In the example depicted above, Ajit specifies Mignon's vacation home as the end point of the call when he places a long distance call to telephone number (803) 555-2010. In this example, Ajit would first dial a 1 to signal that he intends to make a long distance call. Central office #944 would then switch the call to the toll office in Ajit's local exchange. That toll office would switch the call to the toll office in area code 803, and the toll office in area code 803 would switch the call to central office #555. Central office #555 would then switch the call to line #2010, the local loop that terminates at Mignon's vacation home.

Congress designed the Communications Act around the fact that a users specifies the known points (locations or devices) of a call merely by making the call. Since its adoption in 1934, the Communications Act's most fundamental jurisdictional distinction has been based on the plain old public switched telephone network's inherent ability to specify the end points of a telephone call. Specifically, Congress granted the FCC authority to regulate "interstate and foreign" communications while expressly denying FCC authority with respect to "intrastate communication service." According to the Supreme Court, this "system of dual state and federal regulation over telephone service" requires federal and state regulators to exercise their jurisdiction based on the geographic location of the end "points" of "telephone communications." The Supreme Court recognized that Congress based this jurisdictional separate on the fact that "[t]he end-to-end geographic locations of traditional landline-to-landline telephone communications are readily known."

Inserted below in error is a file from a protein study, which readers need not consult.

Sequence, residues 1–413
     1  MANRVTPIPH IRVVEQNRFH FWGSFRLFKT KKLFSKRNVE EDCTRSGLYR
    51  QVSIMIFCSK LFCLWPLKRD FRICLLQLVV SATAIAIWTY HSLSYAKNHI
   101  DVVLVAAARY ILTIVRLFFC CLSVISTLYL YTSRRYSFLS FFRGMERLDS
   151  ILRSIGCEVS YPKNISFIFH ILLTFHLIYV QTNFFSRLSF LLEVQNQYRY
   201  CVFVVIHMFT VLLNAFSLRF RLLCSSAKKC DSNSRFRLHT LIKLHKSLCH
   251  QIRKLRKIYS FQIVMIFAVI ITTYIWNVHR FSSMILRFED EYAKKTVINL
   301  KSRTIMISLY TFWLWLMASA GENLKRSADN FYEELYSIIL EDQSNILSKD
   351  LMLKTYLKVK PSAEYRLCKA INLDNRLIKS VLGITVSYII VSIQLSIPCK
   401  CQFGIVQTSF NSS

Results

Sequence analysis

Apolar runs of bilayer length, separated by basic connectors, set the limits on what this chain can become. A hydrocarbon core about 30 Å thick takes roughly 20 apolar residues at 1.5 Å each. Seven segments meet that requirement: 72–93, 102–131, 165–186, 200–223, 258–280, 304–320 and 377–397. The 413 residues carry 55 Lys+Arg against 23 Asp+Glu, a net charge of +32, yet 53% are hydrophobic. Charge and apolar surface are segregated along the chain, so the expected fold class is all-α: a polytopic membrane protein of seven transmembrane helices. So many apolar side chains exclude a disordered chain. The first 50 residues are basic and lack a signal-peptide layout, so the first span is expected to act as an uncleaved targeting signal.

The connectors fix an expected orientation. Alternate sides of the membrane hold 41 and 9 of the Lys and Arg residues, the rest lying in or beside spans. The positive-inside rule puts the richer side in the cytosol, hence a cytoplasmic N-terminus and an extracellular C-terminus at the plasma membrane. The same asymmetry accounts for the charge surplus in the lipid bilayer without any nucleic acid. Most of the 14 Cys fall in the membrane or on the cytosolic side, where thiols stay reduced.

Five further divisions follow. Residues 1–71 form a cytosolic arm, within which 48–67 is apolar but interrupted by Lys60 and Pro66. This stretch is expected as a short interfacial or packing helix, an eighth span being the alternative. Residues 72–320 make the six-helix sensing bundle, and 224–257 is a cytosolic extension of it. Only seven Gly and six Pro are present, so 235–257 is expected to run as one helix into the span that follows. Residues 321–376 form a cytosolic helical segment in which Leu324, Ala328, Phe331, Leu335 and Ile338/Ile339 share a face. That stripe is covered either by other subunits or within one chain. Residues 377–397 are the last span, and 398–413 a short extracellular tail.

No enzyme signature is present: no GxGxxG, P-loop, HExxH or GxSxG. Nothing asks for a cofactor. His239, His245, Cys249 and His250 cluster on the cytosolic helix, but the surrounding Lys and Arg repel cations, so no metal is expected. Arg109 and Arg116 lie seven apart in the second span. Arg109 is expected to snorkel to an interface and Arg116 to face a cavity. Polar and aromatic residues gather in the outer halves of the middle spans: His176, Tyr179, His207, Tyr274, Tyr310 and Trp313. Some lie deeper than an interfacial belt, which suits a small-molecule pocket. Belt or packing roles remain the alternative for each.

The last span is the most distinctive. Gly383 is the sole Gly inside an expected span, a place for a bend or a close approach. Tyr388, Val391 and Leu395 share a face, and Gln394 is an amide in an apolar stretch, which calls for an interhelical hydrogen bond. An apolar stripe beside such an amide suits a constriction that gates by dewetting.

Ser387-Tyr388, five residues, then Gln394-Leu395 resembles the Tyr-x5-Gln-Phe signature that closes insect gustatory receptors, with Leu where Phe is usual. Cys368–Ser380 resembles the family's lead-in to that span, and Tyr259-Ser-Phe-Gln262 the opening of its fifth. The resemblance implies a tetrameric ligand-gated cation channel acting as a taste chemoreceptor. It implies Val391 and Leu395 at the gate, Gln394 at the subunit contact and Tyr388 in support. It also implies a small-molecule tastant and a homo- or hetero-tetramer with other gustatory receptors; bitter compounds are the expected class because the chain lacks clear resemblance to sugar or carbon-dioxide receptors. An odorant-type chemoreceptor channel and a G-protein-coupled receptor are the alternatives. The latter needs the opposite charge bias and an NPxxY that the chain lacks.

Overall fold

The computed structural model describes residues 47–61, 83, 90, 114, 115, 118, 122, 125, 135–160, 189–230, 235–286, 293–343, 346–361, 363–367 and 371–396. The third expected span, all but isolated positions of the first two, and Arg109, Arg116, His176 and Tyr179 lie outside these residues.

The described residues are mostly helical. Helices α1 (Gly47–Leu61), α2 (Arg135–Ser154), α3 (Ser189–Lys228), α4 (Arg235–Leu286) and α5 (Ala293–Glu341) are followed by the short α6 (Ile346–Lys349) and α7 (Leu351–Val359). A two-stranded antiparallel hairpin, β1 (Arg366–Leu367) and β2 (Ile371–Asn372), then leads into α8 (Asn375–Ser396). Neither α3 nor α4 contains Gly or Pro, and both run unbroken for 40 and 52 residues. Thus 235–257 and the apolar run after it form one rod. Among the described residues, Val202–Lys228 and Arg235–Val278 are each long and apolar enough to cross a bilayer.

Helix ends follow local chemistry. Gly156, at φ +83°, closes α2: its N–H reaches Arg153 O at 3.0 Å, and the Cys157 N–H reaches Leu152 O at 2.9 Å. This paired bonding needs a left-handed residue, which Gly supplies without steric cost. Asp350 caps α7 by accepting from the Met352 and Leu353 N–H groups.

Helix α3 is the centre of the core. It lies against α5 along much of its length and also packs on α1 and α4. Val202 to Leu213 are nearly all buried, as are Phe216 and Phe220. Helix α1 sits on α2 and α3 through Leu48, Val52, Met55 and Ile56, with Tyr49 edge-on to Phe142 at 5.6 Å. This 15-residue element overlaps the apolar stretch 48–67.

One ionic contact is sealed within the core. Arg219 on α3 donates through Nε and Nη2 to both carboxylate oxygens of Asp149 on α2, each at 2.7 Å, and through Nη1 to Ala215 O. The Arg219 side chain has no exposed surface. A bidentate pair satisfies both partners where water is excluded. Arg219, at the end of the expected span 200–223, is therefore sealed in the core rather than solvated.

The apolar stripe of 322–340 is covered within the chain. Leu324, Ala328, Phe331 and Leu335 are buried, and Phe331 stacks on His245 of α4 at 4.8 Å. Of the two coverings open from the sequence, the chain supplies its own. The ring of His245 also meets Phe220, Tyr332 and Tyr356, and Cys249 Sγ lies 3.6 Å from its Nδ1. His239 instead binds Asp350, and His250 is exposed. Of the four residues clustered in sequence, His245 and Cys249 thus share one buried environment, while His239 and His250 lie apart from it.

Topology of the internet

In a series of decisions determining that voice-over-internet-protocol services should not be regulated under Title II, the FCC relied on the fact that the points of internet transmissions are "difficult or impossible to pinpoint." The internet's defining characteristic is its ability to transmit information without specifying a particular path (i.e., dedicated circuit) or transmission points.